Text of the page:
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RF Sampling using a 3 dB hybrid to generate I & Q

Started by mrberman87 3 weeks ago4 replieslatest reply 3 weeks ago73 views

I know that a 3 dB hybrid can generate a 0 degree and 90 degree output ports.  Can I sample these two ports synchronized in time to generate my I & Q signals? I have seen 3 dB hybrid's used to generate sin and cos signals for a heterodyne receiver, but I don't know if this will generate the signals as needed for the quadrature I & Q.

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Reply by SlartibartfastOctober 4, 2021

Yes, this is a very common way to build a receiver.   The specifications on the hybrid will be important to determine gain and phase balance between the I and Q channels.  The hybrid may be a significant source of distortion in this area, but if it meets your requirements it's a good way to do it.


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Reply by mrberman87October 4, 2021

Thank you for the reply!!


What kind of distortions does the hybrid usually introduce?  This will be part of a wide band digital pre-distortion system.  I guess as long as I can calibrate out the distortions of the analog front end, I can compensate for them digitally.

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Reply by SlartibartfastOctober 4, 2021

Especially with a wide bandwidth of interest it will likely not have a perfectly flat frequency reponse.   The gain and phase balance will likely not be perfect, either.

If you put a sine wave into the real side, the I and Q output will ideally trace a circle.   Gain balance errors will make the circle an oval with the long side on whichever axis has the higher gain.   Phase balance errors will tilt the oval off of the I or Q axes.  Phase balance is essentially the two channels not being exactly 90 degrees apart.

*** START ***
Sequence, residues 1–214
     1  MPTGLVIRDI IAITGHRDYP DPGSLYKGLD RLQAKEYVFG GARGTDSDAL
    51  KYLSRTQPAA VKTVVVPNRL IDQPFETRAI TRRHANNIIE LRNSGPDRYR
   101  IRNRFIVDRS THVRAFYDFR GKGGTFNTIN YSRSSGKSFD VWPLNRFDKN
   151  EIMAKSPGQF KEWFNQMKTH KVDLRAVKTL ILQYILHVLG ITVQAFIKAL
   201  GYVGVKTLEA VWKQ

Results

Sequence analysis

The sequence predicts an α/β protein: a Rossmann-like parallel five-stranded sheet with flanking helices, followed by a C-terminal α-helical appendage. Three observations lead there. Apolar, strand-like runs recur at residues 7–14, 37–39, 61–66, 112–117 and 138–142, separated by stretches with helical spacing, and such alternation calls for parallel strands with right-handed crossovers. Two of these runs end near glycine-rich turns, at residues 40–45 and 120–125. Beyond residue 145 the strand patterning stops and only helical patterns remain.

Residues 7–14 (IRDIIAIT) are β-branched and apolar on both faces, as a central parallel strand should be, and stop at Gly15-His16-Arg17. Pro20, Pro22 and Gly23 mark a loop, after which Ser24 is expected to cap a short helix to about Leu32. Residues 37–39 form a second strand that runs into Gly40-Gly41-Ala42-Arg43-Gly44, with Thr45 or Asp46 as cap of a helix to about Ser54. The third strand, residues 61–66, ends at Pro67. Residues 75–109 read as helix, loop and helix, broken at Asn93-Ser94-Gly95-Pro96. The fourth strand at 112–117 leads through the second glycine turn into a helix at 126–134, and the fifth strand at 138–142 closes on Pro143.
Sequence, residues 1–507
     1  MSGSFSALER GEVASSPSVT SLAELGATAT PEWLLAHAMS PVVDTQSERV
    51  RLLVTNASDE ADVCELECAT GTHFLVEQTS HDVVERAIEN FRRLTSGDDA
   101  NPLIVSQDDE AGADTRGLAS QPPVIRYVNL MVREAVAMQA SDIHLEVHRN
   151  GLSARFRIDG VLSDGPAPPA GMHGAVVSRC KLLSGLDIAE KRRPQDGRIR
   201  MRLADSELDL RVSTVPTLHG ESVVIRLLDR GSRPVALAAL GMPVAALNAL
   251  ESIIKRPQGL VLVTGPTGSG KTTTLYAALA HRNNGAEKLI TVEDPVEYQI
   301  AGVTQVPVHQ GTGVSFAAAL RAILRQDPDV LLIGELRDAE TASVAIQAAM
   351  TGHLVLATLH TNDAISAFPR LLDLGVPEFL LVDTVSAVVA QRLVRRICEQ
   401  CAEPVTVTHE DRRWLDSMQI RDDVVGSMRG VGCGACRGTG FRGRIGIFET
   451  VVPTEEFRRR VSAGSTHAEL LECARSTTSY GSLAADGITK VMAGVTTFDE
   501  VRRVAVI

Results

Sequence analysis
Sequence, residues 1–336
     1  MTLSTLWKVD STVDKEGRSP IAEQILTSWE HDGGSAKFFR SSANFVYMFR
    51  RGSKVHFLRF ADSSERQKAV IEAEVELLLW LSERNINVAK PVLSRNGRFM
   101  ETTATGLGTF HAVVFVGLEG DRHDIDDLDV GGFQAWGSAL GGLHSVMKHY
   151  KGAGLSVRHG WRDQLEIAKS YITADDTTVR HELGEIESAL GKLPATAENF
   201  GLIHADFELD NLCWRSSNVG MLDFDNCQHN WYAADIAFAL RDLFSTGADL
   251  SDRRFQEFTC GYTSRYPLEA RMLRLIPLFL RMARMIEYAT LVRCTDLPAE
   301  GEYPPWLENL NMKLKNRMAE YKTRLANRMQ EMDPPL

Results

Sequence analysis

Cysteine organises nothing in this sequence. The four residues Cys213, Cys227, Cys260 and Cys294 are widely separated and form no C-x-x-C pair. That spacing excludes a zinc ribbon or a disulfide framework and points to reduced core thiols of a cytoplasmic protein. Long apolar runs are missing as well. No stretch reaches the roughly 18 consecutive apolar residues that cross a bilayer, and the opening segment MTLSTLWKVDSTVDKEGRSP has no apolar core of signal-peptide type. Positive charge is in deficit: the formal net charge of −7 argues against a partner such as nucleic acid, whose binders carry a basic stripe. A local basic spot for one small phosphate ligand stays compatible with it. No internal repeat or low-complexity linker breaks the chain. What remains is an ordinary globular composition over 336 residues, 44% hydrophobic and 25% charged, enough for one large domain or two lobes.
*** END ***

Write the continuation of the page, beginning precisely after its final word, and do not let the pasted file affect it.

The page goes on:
Both of those can be calibrated and adjusted, as well as frequency flatness or phase response.  If you're using it for a pre-distortion system the error compensations can be moved into the pre-distortion filter, but it will take some degrees of freedom or adjustment range from the pre-distorter to do so.

IF sampling is used a lot these days to avoid gain and phase balance distortions, but sometimes that isn't possible or practical.

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Reply by mrberman87October 4, 2021

Thanks for the information.  It sounds like normal I & Q sampling issues.  I assumed that whatever I did, I would have to worry about amplitude and phase imbalance, and that it would have to be calibrated out.  IF sampling will not work for my use case, I am trying to correct all output products of a wide-band amplifier, including spurious, without knowledge of the frequency or bandwidth of the signal of interest.


Thank you again for the help, your information has been invaluable!


Michael